1 John 5:1-6
St. John, known as the Evangelist, wrote to inspire the faith of others. In this Divine Mercy Sunday’s Gospel, John presents two encounters of the Apostle Thomas coming to embrace the Good News and believe. Turning to John 20:24-29, let us put ourselves into the Scripture, remembering we have all experienced “doubting-Thomas” moments.
“Thomas, called Didymus, one of the Twelve, was not with them when Jesus came.”
Now, (insert your name here), one of the 1.2 billion was also not with them when Jesus came.
“So the other disciples said to him, “We have seen the Lord.”
So many others have told of their profound experiences with Christ and how they have seen him working in their lives.
“But he said to them, “Unless I see the mark of the nails in his hands and put my finger into the nailmarks and put my hand into his side, I will not believe.”
What is your unless? Unless Jesus removes this difficulty, fixes my finances, heals my loved one, eases my anxiety, or slows my aging, I will not believe. Where do you experience these Thomas moments when you so desperately want to believe but struggle to embrace what you cannot see? Moments when you are unable to rely on the witness of others to secure your heart in the truth.
“Now a week later his disciples were again inside and Thomas was with them.”
A week, eight days, the number associated with the Resurrection and joy. It is in this incredible encounter Thomas would come to see and believe for himself.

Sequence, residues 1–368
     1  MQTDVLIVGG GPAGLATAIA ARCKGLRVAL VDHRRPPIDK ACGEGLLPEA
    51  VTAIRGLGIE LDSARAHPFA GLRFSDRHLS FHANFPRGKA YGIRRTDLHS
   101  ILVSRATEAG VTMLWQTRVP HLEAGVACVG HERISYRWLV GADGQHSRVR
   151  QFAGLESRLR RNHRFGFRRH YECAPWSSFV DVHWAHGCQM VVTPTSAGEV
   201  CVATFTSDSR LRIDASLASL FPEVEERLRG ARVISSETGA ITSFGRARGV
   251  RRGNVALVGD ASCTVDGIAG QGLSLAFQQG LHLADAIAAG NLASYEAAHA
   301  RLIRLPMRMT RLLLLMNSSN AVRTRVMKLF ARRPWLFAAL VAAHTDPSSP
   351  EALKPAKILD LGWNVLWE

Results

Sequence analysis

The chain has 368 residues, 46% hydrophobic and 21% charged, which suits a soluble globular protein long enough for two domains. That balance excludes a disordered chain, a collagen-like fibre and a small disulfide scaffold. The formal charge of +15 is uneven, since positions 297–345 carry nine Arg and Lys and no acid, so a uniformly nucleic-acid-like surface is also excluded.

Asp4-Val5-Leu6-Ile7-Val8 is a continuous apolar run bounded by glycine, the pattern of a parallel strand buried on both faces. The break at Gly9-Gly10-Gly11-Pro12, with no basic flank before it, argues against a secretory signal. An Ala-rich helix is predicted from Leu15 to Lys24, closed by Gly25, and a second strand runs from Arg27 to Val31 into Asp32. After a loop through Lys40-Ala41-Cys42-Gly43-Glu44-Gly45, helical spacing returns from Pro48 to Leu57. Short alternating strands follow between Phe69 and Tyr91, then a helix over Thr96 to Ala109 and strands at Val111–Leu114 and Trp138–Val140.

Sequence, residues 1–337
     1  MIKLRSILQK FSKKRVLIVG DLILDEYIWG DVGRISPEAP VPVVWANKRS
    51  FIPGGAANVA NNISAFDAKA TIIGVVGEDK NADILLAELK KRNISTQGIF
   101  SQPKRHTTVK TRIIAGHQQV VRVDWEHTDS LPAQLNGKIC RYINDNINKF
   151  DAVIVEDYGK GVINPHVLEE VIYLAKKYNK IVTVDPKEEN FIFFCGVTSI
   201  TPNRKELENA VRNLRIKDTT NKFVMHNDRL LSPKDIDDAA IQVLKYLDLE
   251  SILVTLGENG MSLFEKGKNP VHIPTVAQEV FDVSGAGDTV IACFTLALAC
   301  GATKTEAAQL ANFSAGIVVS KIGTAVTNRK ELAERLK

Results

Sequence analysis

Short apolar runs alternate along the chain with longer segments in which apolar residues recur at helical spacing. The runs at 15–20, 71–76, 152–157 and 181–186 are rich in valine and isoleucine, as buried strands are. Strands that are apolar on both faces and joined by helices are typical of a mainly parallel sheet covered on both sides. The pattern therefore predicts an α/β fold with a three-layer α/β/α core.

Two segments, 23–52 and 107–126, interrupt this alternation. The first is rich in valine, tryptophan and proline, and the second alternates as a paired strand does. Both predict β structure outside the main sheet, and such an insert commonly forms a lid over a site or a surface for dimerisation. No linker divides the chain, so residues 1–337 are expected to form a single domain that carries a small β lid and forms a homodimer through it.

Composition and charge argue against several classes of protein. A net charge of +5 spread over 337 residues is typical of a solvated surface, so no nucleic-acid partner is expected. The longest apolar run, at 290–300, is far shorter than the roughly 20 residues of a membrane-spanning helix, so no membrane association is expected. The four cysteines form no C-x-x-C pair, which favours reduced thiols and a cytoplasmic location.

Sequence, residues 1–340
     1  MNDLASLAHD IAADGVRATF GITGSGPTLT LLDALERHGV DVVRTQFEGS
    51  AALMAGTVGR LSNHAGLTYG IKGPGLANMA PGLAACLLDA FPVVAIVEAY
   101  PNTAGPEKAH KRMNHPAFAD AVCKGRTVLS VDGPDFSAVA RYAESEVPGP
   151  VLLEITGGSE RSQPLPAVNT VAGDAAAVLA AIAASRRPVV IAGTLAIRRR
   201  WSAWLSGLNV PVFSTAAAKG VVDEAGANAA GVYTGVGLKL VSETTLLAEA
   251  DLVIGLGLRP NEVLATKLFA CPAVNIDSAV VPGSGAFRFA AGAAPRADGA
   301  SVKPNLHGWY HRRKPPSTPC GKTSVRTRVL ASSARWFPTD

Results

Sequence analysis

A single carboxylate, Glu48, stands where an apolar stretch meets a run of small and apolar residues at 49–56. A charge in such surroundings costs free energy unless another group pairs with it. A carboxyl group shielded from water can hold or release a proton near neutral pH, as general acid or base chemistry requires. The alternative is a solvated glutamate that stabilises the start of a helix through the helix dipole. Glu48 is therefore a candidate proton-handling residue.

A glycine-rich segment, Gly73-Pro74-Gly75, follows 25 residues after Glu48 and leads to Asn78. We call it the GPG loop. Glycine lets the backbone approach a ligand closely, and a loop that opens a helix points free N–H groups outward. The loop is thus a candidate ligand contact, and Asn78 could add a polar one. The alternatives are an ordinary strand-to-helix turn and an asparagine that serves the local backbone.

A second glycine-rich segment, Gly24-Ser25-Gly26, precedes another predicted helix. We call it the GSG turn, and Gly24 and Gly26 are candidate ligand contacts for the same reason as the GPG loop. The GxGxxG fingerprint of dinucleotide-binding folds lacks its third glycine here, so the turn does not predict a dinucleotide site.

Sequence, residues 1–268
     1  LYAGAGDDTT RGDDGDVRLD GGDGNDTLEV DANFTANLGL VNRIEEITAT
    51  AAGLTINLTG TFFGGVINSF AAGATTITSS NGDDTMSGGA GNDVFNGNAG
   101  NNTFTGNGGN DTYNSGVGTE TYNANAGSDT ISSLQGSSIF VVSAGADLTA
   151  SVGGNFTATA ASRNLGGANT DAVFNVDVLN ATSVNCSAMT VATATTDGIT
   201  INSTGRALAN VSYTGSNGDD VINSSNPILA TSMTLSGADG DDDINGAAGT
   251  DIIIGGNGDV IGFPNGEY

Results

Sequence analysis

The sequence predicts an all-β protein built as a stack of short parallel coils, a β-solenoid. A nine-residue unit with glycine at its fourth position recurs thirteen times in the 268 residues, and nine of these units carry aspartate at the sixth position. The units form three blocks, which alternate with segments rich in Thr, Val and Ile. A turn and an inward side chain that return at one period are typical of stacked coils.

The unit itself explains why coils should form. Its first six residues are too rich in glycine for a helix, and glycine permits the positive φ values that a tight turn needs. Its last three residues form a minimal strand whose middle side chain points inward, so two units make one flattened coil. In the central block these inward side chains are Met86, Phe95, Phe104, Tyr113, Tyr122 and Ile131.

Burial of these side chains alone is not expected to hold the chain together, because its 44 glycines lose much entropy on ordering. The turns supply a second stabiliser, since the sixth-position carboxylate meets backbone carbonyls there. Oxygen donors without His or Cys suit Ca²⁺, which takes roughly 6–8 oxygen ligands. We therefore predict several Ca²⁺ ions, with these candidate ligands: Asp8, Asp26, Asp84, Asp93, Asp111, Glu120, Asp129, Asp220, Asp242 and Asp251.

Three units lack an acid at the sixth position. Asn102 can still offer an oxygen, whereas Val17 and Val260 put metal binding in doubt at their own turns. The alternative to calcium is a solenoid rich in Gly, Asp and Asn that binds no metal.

“Then he said to Thomas, ‘Put your finger here, and see my hands, and bring your hand and put it into my side, and do not be unbelieving, but believe.’”
Jesus offers Thomas an experience of the senses to see his hands, touch the wounds, hear Jesus’ voice calling him to leave doubt behind and trust. At that moment with Jesus, he can finally pronounce a prayer of acknowledgment and adoration with the words, “My Lord and my God!”
Don’t be faithless; Jesus says these same words to us. Come closer and put behind your fear and doubts, lean into his grace and mercy, and believe. Uttering out as a prayer the words of the father of the stricken boy in Mark 9:14-29, “I do believe, help my unbelief!”
“Faith is a gift of God, a supernatural virtue infused by him” (Catechism of the Catholic Church, 153). A virtue of being certain without needing visible proof. One of the Cardinal Virtues, the others being hope and love. We know love is the greatest because when it is our time to stand before Jesus, we will no longer need faith or hope, but only love will remain. On this side of heaven, faith is essential, and God has provided each the exact amount they need. Our senses are engaged to help us see and believe through participation in the Sacraments of the Catholic Church.
Jesus said to him, ” Have you come to believe because you have seen me? Blessed are those who have not seen and have believed.”
“Blessed,” according to the Didache Bible (Ignatius Press, p 1745), refers to ultimate happiness or a person in God’s grace. We who believe are those of whom Jesus spoke. We are the blessed who do not see yet believe. What a glorious place to be — standing in the grace of God. To proclaim, my Lord and my God, as a true testament of faith. To no longer be faithless but believing.